Altered splicing of CEACAM1 in breast cancer: Identification of regulatory sequences that control splicing of CEACAM1 into long or short cytoplasmic domain isoforms

Shikha Gaur, John E. Shively, Yun Yen, Rajesh K. Gaur

Research output: Contribution to journalArticle

35 Citations (Scopus)

Abstract

Background: Carcinoembryonic antigen-related cell adhesion molecule 1 (CEACAM1), a cell adhesion molecule expressed in a variety of cell types is a putative tumor suppressor gene. Alternative splicing of CEACAM1 generates 11 different splice variants, which include 1-4 ectodomains with either short or long cytoplasmic domain generated by the exclusion (CEACAM1-S) or inclusion (CEACAM1-L) of exon 7. Studies in rodents indicate that optimal ratios of CEACAM1 splice variants are required to inhibit colonic tumor cell growth. Results: We show that CEACAM1 is expressed in a tissue specific manner with significant differences in the ratios of its short (CEACAM1-S) and long (CEACAM1-L) cytoplasmic domain splice variants. Importantly, we find dramatic differences between the ratios of S:L isoforms in normal breast tissues versus breast cancer specimens, suggesting that altered splicing of CEACAM1 may play an important role in tumorogenesis. Furthermore, we have identified two regulatory cis-acting elements required for the alternative splicing of CEACAM1. Replacement of these regulatory elements by human β-globin exon sequences resulted in exon 7-skipped mRNA as the predominant product. Interestingly, while insertion of exon 7 in a β-globin reporter gene resulted in its skipping, exon 7 along with the flanking intron sequences recapitulated the alternative splicing of CEACAM1. Conclusion: Our results indicate that a network of regulatory elements control the alternative splicing of CEACAM1. These findings may have important implications in therapeutic modalities of CEACAM1 linked human diseases.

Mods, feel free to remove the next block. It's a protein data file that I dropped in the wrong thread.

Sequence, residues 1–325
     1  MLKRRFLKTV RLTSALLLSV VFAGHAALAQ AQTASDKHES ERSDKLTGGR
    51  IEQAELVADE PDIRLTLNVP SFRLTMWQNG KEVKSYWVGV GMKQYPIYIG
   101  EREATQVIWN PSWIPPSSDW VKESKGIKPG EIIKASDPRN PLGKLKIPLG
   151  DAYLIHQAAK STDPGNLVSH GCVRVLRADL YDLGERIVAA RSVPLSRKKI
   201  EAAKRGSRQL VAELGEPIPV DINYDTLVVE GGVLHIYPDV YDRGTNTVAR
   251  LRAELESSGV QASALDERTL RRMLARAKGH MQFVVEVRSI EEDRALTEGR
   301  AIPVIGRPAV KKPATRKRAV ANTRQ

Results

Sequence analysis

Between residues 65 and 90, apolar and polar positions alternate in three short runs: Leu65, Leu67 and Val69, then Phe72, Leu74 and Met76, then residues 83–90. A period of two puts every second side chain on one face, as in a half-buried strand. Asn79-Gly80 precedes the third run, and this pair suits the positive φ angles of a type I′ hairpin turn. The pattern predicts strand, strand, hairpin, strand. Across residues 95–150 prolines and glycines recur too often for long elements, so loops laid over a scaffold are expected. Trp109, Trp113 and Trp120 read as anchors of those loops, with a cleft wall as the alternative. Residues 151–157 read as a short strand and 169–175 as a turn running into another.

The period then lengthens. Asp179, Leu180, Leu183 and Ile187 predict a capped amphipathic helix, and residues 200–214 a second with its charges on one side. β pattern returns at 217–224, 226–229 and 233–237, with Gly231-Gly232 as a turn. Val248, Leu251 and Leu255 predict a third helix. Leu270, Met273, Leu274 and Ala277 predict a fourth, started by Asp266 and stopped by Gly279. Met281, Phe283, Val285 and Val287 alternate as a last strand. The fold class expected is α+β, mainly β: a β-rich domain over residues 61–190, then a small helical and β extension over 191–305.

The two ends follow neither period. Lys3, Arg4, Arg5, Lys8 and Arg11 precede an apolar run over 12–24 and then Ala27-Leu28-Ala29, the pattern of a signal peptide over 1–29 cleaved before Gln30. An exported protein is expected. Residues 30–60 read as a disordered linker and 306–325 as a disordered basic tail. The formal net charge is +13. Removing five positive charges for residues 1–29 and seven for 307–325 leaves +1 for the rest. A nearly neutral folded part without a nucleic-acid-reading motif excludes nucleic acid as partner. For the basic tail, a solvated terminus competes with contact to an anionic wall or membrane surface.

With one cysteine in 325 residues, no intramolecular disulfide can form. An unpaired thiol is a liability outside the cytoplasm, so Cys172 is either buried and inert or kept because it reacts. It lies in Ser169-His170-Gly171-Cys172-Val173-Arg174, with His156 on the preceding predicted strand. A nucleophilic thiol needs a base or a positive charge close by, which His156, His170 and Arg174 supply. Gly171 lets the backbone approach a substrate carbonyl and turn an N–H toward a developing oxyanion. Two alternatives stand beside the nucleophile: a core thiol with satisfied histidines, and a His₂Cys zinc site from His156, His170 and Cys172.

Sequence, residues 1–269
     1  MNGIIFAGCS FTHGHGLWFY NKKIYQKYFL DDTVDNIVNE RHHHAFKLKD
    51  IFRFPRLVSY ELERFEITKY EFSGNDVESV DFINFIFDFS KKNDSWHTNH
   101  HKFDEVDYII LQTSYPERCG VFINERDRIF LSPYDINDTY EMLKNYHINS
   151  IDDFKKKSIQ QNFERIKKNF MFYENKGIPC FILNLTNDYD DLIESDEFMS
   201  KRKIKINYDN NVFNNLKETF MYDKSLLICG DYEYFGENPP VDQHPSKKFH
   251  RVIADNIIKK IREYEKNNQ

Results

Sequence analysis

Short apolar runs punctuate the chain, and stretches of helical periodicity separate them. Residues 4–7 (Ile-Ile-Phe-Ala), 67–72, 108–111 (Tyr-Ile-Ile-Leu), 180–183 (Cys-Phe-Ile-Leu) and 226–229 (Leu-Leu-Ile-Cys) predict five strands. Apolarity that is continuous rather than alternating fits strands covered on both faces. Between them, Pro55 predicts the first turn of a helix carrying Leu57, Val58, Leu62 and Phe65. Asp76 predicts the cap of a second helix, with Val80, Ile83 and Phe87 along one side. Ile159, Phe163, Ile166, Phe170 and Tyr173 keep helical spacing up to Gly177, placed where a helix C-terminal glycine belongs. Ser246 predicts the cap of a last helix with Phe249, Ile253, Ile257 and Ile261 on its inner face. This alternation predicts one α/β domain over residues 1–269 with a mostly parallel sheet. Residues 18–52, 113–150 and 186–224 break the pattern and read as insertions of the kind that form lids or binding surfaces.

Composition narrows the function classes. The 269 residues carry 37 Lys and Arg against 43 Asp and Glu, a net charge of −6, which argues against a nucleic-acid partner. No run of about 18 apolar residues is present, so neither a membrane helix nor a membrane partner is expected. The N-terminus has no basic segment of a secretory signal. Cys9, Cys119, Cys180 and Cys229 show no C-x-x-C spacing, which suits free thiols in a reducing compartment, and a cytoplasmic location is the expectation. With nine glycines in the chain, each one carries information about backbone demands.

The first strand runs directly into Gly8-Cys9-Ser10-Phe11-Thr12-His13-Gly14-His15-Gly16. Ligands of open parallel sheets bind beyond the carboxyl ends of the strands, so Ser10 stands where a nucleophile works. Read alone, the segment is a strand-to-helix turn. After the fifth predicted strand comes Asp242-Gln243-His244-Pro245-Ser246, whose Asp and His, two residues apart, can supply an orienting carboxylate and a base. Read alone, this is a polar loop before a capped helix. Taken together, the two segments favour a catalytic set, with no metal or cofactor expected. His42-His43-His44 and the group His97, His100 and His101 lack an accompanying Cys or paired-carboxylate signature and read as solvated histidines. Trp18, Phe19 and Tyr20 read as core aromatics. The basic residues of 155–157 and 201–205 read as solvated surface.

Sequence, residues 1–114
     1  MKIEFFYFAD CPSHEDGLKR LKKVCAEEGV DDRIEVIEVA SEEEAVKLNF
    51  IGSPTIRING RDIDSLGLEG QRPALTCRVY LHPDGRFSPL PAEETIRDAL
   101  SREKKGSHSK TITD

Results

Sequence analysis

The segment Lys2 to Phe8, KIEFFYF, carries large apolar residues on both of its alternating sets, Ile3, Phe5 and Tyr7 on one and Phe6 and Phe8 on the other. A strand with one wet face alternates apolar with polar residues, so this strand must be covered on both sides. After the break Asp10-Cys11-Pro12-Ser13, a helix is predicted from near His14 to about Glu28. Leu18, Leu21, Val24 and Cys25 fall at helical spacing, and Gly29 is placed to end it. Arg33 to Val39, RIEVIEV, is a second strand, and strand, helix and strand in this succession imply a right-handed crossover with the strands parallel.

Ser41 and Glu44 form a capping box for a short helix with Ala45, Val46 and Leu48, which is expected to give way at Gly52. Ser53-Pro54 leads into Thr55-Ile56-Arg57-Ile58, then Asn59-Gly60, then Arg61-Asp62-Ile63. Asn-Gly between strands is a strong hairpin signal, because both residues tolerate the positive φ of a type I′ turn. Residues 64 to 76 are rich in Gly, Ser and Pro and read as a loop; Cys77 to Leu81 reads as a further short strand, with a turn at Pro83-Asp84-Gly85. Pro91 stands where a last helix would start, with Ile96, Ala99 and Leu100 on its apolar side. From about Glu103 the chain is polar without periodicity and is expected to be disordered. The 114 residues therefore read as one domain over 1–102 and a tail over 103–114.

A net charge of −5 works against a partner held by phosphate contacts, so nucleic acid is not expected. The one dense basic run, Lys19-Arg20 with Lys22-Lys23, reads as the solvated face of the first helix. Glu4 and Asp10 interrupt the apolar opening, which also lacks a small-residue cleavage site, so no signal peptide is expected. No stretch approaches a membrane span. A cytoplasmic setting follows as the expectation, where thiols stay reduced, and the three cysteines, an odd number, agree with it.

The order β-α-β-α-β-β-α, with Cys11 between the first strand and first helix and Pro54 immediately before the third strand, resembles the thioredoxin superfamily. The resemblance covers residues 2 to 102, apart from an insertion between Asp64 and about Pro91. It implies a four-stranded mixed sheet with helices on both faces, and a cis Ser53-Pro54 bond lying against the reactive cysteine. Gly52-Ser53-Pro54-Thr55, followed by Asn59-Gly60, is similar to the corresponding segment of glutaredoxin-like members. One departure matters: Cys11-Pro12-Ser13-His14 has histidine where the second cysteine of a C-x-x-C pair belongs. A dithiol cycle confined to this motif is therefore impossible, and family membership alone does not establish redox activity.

Original languageEnglish
Article number46
JournalMolecular Cancer
Volume7
DOIs
Publication statusPublished - May 28 2008
Externally publishedYes

ASJC Scopus subject areas

  • Biochemistry, Genetics and Molecular Biology(all)
  • Medicine(all)
  • Cancer Research
  • Molecular Medicine
  • Oncology

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